9. You have a Hui planned for April, can you tell us more about this event and what topics will be discussed?
This 30th April Hui at the Warkworth Town Hall is a pestival-style event but with a twist – we have managed to bring together a group of outstanding thought leaders and specialists from around New Zealand to help us see where we’re going. Big questions, such as the achievability of our PF2050 goals and the impacts of artificial intelligence on restoration, will be addressed. Speakers will cover animal behaviour, tech developments, cat management challenges, bio-control opportunities and aspects of estuarine restoration. Inquires
10. How is RRE Funded?
RRE was set up by the Rodney Local Board, initially with a 3 year funding commitment from 2021. In 2023 as we are all aware funding by Council is under review and RRE is seeking continually to find new sources of funds and grants to enable our work to continue as an independent group. Finding funds is always challenging – we are committed to not competing with our local groups & members in the same funding pools so this means we must cast far and wide to find the finances we need.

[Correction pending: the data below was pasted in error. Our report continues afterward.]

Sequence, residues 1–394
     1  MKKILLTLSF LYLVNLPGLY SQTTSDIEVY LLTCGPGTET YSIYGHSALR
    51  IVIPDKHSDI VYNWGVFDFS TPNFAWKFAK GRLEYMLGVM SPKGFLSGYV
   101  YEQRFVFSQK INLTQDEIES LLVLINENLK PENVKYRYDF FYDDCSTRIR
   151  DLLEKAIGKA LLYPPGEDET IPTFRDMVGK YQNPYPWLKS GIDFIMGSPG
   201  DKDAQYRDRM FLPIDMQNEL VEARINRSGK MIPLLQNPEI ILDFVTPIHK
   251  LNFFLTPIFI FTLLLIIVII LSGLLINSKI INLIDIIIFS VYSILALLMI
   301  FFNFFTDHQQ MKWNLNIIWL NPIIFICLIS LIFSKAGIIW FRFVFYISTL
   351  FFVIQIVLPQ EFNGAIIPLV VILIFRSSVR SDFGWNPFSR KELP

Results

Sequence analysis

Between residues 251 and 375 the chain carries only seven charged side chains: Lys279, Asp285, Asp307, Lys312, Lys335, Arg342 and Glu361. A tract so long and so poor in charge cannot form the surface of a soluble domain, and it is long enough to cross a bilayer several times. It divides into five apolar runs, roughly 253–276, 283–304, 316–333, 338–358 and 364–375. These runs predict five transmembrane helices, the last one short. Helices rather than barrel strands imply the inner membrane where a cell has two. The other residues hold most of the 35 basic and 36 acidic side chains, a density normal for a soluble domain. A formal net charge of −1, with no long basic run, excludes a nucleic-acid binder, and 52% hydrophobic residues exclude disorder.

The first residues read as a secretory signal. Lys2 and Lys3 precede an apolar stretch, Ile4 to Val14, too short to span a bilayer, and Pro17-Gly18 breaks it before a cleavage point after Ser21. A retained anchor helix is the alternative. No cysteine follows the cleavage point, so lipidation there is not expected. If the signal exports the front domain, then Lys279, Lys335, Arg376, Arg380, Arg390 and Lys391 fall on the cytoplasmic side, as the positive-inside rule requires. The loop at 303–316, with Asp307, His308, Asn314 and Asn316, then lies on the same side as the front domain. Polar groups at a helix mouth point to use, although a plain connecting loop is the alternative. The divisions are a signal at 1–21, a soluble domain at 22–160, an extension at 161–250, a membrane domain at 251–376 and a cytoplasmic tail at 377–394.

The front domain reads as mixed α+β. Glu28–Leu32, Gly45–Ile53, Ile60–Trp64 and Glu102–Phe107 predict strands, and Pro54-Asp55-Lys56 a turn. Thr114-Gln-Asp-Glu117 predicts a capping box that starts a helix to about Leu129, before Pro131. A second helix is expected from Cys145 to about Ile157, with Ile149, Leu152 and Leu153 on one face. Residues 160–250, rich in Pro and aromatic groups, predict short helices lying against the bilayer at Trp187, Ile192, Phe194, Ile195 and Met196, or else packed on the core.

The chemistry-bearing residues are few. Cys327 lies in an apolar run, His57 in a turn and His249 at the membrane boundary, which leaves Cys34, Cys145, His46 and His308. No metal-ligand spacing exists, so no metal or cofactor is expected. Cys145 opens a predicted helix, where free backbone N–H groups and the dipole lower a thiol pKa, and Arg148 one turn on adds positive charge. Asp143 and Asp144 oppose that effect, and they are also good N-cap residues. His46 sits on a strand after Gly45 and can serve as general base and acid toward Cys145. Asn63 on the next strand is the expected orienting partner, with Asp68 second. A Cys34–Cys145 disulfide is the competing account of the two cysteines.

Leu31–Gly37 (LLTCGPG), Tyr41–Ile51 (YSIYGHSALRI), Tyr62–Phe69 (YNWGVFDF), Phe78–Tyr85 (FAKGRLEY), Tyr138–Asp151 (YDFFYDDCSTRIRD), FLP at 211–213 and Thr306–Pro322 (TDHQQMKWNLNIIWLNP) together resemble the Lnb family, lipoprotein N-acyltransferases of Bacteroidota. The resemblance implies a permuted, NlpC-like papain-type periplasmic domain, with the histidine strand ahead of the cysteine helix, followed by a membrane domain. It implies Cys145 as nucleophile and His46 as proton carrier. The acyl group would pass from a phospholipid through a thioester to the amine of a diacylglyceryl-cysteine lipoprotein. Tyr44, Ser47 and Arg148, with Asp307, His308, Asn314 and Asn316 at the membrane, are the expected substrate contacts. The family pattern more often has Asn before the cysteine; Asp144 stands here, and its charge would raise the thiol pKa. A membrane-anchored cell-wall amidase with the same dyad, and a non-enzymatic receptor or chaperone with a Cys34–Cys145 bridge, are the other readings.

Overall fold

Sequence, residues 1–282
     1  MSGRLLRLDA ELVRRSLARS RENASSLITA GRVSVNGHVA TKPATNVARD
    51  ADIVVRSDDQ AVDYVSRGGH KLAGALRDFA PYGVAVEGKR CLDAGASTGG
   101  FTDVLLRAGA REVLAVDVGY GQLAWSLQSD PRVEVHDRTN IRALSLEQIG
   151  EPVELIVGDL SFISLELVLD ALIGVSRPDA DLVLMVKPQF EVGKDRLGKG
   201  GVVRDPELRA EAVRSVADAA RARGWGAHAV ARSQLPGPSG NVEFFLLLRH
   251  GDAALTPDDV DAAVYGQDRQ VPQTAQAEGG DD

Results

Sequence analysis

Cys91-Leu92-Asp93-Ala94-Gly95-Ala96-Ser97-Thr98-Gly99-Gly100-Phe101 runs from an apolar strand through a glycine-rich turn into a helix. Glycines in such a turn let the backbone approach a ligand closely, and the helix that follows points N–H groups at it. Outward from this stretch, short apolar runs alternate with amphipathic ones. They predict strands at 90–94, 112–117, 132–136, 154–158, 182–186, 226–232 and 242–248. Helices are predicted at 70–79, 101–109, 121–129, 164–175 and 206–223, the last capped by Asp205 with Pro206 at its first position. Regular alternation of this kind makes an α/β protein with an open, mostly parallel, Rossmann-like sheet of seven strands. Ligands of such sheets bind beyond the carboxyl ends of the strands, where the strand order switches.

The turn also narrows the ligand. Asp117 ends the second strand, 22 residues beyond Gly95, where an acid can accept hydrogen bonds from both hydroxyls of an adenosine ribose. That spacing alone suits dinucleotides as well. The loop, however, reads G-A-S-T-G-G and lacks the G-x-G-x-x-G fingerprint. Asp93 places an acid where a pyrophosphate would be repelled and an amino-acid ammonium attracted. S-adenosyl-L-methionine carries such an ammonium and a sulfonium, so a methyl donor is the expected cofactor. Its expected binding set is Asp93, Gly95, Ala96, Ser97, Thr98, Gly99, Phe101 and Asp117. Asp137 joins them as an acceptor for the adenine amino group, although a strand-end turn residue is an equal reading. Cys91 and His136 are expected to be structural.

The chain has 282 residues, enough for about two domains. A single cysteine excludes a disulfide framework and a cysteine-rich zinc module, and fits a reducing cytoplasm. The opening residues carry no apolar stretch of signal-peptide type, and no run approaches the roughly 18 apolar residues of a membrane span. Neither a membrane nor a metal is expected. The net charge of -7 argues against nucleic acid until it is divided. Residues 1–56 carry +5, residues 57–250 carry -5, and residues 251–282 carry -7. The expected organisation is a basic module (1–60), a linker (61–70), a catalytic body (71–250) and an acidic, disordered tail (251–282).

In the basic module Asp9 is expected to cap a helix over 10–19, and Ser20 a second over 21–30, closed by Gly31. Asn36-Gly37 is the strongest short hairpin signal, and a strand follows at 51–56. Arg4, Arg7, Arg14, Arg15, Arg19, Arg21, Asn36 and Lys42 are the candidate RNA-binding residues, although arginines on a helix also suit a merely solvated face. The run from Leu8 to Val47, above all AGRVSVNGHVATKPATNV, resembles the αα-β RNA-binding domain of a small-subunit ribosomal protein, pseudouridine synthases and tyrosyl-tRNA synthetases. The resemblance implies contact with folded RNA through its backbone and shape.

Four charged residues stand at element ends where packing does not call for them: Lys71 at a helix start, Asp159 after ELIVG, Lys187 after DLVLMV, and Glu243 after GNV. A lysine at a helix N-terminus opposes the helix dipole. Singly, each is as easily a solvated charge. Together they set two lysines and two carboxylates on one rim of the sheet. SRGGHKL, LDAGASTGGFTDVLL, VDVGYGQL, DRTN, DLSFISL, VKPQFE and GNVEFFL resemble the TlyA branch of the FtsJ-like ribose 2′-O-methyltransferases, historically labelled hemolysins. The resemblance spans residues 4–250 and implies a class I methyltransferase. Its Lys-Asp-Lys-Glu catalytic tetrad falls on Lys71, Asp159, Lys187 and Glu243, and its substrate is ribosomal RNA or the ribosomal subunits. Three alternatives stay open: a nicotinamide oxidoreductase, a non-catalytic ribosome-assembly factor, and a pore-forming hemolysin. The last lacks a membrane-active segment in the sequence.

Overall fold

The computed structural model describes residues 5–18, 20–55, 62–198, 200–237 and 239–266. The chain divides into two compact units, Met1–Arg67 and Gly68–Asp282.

11. What is RRE’s vision for the next 5 years?
After one full year of operation RRE has been able to assist many groups in their restoration quests. But this is just the start and as we continue to accelerate we will be taking on more and more in the way of support initiatives. Long term our challenge is to help connect and cover the rohe through comprehensive coverage by a series of very well founded initiatives across the full spectrum of restoration work required – be it predator control, weed control, replanting, sediment reduction, or any other restoration action.
12. Can one back yard trapper make a difference?
Backyard trapping is the backbone of all our predator control programs! We plead that everyone finds a way not only to acquire a trap but also to keep setting it until the very last pest is out of our environment!
Sarah Quick Questions
- Favourite bird – Keruru – Clumsy and fun
- Worse predator – Rats (due to the number and distribution of them)
- Describe your work day in three words? – Inspiring, Challenging, Rewarding
- Best beach – Otarawao Bay (Sullivans Bay) Mahurangi West (during the week when nobody is around)
- What you love about living in Rodney? – I have been here all my life, I love the native bush, and the amazing coastline, and islands we have, it always takes my breath away how beautiful it is
Tim Quick Questions
- Favourite bird – Tieke / saddleback. My constant buddies when working in the bush
- Worse predator – Controversial call – our furry home friends. We love them but they love eating our fauna even more
- Describe your work day in three words? – Exciting, Coffee-Fueled, Fulfilling
- Best beach – Anchor Bay (and childhood memories of Omaha/Mangatawhiri)
- What you love about living in Rodney? – It has always been home and whether it’s the colours of the sea, the presence of our maunga, the potential of the bush to remain and be restored, the spirit of our local people and mana whenua, it is all glorious.